Though the crossing to Kos is short, just 4 miles, even shorter than the 8 miles from Behram to Lesbos, the sea further south is more exposed and after an hour bouncing on the waves, a larger one came and flipped the dinghy with no warning, tossing everyone out. Abdullah tried to cling on to his little family but one after the other they were washed away. He stayed three hours in the water desperately searching but they were lost. Eleven of the passengers drowned, five of them children.
The next day the photograph of little Aylan Kurdi lying face down dead in the surf on a Turkish beach, in his smart red shirt and long blue shorts, went round the world. When I saw it later on Facebook, I thought that could have been me. I had to turn the phone off and take a deep breath and try and think to myself, He’s an innocent boy, he’s in heaven and happy now.
When I discussed it with my sisters we all agreed: if we had heard about it before our crossing, we would have gone back to Gaziantep.
For a normal person, the ferry from western Turkey to Mitilini, the capital of Lesbos, costs 10 euros and takes ninety minutes. To make the same crossing as refugees had taken us twelve days to arrange and cost us each $1,500.
We had been at sea three and a half hours and the sun was setting and we were starting to shiver when suddenly there was the island rising like a giant black rock ahead of us. Soon we could make out people waiting on the shore. ‘Does anybody speak English?’ we heard someone shout. ‘I do!’ I called out. Everyone looked at me. That was a turning point in my life, even more than when Nasrine had said it was all right to feel sorry for Saddam being executed. It was the first time I had spoken English to a real English-speaker.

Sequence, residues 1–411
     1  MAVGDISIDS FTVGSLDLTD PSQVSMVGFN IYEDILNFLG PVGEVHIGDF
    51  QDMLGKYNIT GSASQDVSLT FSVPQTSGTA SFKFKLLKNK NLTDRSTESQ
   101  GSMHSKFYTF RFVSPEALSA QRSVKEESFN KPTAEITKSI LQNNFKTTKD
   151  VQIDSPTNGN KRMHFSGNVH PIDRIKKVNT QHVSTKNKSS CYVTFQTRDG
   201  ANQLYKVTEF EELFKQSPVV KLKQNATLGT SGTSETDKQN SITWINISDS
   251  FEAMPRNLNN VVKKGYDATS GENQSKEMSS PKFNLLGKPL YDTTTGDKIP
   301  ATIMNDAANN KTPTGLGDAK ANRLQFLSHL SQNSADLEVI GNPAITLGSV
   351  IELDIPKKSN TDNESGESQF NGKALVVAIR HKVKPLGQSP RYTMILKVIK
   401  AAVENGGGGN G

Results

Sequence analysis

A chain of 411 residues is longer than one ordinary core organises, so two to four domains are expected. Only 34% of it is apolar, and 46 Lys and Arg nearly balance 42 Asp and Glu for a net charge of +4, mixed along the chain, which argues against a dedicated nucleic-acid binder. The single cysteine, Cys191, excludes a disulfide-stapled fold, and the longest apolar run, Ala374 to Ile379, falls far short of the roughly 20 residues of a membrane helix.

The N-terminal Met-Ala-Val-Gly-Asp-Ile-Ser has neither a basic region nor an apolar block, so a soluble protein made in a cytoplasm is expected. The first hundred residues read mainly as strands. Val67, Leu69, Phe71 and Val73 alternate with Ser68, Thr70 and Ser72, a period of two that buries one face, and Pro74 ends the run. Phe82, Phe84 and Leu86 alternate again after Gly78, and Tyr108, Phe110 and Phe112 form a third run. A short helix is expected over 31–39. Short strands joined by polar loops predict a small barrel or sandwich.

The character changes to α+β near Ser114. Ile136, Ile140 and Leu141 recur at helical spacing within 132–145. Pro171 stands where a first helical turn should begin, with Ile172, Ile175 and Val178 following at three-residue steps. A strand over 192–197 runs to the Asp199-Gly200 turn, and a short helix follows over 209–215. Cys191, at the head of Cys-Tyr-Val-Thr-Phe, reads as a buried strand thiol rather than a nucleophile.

Freedom like a Normal Person
Lesbos, 2 September–9 September 2015
It felt as if we had taken a salty shower. The dinghy bumped on to the rocky shore and friendly faces and outstretched hands awaited us with towels, bottles of water and biscuits. Some of my relatives were too dazed to get out on their own and volunteers walked into the sea and helped us. They were surprised to see my wheelchair and lifted it out on to the shore. ‘You are the first refugee we have seen in a wheelchair,’ they told me.